International Day for the Eradication of Poverty is sponsored by the United Nations. The event can be traced back to 1987 when a group met in Paris to see what could be done to eliminate poverty. This year’s theme is “Coming together with those furthest behind to build an inclusive world and universal respect for human rights and dignity.”
Museum of Modern Art, in New York City, hung Matisse’s Le Bateau upside down in 1961. The mistake was not found until December 3, 1961.
United States population exceeded 300 million in 2006. Children can view some fascinating facts about the United States population and the world population at: http://www.census.gov/popclock/.
Taipei 101 was topped with a pinnacle in 2003. It thus became the tallest building in the world until the Burj Khalifa in Dubai was completed in 2010. Taipei 101 has 101 floors above ground and five stories below ground. It has been built to withstand earthquakes and typhoons.
Jupiter Hammon (born probably Long Island, New York, 1711; died 1790) was the first African American to publish his poetry. Born into slavery, he learned to read. He published his first poem, “An Evening Thought,” in 1760. Children can read some of his works at: http://www.poemhunter.com/jupiter-hammon/.
Mae Jemison (born Decatur, Alabama, 1956) is a physician and retired astronaut. She is the first African American woman to travel into space. Children could view her TED talk at: Mae Jemison.
Arthur Miller (born New York, New York, 1915; died Roxbury, Connecticut, February 10, 2005) was a playwright. He received the Pulitzer Prize for Drama in 1949. His works include Death of a Salesman and The Crucible.
Phillis Wheatley gained her freedom in 1775. Born probably in Gambia or Senegal, she was sold into slavery when she was seven years old. Purchased by the Wheatley family, she was well-educated. She began writing poetry in 1767. She was emancipated in 1775 when her master died. Children can read some of her works at: Project Gutenberg.
Transistor radio was sold for the first time in 1954. Texas Instruments created the small and portable radio. These radios allowed people to hear music wherever and whenever. Billions of transistor radios were sold during the 1960’s and 1970’s.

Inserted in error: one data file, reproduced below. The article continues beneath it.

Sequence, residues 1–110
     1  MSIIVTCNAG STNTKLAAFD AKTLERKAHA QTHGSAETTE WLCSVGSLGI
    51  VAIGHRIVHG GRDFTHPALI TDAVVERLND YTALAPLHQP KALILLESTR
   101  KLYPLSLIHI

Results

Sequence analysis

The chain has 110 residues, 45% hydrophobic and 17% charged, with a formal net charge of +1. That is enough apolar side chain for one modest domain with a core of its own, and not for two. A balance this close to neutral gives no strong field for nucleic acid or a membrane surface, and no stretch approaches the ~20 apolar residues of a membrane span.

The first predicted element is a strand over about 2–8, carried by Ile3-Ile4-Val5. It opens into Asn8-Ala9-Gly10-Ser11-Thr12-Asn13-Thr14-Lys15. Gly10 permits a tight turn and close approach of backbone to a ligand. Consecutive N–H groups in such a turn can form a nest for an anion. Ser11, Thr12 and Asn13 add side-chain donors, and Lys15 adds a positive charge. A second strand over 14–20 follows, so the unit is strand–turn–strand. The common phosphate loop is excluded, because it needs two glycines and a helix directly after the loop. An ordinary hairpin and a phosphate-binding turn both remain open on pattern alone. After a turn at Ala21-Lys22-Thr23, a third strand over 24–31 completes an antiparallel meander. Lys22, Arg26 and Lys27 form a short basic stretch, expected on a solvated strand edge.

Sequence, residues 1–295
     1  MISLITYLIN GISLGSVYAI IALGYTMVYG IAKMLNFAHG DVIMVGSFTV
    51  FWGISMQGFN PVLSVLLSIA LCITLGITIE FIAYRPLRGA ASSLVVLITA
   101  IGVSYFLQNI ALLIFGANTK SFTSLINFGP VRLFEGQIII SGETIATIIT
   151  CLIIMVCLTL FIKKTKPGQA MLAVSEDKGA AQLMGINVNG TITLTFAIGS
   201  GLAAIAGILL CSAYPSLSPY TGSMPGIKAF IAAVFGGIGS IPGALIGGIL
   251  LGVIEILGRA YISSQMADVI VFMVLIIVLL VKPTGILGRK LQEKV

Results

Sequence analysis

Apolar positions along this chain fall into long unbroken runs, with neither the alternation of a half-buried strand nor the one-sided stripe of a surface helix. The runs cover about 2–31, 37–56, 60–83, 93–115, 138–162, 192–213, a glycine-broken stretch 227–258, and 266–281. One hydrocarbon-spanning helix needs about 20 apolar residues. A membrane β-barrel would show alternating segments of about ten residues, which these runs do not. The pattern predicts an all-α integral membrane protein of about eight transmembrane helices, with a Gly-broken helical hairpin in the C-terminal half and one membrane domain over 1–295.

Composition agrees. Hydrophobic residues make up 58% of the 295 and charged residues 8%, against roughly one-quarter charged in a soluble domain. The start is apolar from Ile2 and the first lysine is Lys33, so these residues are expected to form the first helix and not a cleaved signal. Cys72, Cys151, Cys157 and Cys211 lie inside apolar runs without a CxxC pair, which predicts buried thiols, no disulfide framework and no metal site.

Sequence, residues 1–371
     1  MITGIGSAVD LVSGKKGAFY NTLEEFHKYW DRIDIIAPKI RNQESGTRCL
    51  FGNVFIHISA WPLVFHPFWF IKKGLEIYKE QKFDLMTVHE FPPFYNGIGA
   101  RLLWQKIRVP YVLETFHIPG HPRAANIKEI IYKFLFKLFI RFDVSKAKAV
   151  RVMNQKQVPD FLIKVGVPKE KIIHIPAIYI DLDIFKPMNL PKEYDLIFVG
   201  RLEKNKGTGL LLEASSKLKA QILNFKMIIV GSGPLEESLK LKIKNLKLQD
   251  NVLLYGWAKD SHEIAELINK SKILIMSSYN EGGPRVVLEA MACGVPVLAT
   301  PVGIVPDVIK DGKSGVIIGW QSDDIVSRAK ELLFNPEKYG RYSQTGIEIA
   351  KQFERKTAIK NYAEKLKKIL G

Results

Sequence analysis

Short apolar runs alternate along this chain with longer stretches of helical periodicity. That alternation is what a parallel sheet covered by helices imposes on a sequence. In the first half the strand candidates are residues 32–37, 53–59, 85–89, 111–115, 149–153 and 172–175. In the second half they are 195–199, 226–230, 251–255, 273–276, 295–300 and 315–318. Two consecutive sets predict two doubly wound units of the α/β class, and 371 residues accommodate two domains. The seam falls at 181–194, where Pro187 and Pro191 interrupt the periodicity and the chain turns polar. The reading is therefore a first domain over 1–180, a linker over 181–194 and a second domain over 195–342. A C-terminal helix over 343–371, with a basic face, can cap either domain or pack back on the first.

James Watson, Francis Crick, and Maurice Wilkins shared the 1962 Nobel Prize for Medicine and Physiology for theorizing the double-helix structure of DNA.
James Brooks (born St. Louis, Missouri, 1906; died Brookhaven, New York, March 8, 1992) was an artist. He began his artistic career painting murals for the Federal Art Project of the Works Progress Administration. Later his works became more abstract.
Joyce Hansen (born New York, New York, 1942) writes books for children. She has received four Coretta Scott King Honor Awards: in 1987 for Which Way Freedom, in 1995 for The Captive, in 1998 for I Thought My Soul Would Rise and Fly: The Diary of Patsy, a Freed Girl, and in 1999 (with Gary McGowen) for Breaking Ground, Breaking Silence: The Story of New York’s African Burial Ground. Children can visit her website at: Joyce Hansen.
Ntozake Shange (born Trenton, New Jersey, 1948) is a playwright, poet, and author. She has written several books for children, including Ellington Was Not a Street and Coretta Scott.
Colin Thompson (born London, England, 1942) writes and illustrates fantasy books for children. His works include The Floods series and Looking for Atlantis. Children can visit his very interesting website, including some great illustrations, at: Colin Thompson.
Ferdinand II of Aragon married Isabella I of Castile in 1469. Their alliance united Aragon and Castile, starting the formation of Spain.